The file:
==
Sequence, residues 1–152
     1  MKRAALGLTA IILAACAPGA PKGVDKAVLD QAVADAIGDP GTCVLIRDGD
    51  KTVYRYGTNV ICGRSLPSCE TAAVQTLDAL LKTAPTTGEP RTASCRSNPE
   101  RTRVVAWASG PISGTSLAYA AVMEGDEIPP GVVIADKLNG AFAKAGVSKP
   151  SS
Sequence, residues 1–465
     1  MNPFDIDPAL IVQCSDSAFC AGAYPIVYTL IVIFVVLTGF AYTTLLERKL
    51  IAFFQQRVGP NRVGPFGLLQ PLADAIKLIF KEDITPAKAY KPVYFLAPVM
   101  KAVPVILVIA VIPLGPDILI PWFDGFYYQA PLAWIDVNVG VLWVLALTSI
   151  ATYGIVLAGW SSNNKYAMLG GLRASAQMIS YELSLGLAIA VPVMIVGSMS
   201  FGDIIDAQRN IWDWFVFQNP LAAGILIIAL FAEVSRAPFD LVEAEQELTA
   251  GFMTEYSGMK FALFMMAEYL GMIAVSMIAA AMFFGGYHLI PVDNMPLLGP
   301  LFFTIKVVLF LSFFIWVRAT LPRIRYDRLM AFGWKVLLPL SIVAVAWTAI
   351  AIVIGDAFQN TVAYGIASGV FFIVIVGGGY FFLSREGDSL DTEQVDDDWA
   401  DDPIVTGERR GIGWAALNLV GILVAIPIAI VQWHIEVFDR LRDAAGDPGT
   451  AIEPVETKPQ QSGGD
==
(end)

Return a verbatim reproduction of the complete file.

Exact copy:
Sequence, residues 1–152
     1  MKRAALGLTA IILAACAPGA PKGVDKAVLD QAVADAIGDP GTCVLIRDGD
    51  KTVYRYGTNV ICGRSLPSCE TAAVQTLDAL LKTAPTTGEP RTASCRSNPE
   101  RTRVVAWASG PISGTSLAYA AVMEGDEIPP GVVIADKLNG AFAKAGVSKP
   151  SS
Sequence, residues 1–465
     1  MNPFDIDPAL IVQCSDSAFC AGAYPIVYTL IVIFVVLTGF AYTTLLERKL
    51  IAFFQQRVGP NRVGPFGLLQ PLADAIKLIF KEDITPAKAY KPVYFLAPVM
   101  KAVPVILVIA VIPLGPDILI PWFDGFYYQA PLAWIDVNVG VLWVLALTSI
   151  ATYGIVLAGW SSNNKYAMLG GLRASAQMIS YELSLGLAIA VPVMIVGSMS
   201  FGDIIDAQRN IWDWFVFQNP LAAGILIIAL FAEVSRAPFD LVEAEQELTA
   251  GFMTEYSGMK FALFMMAEYL GMIAVSMIAA AMFFGGYHLI PVDNMPLLGP
   301  LFFTIKVVLF LSFFIWVRAT LPRIRYDRLM AFGWKVLLPL SIVAVAWTAI
   351  AIVIGDAFQN TVAYGIASGV FFIVIVGGGY FFLSREGDSL DTEQVDDDWA
   401  DDPIVTGERR GIGWAALNLV GILVAIPIAI VQWHIEVFDR LRDAAGDPGT
   451  AIEPVETKPQ QSGGD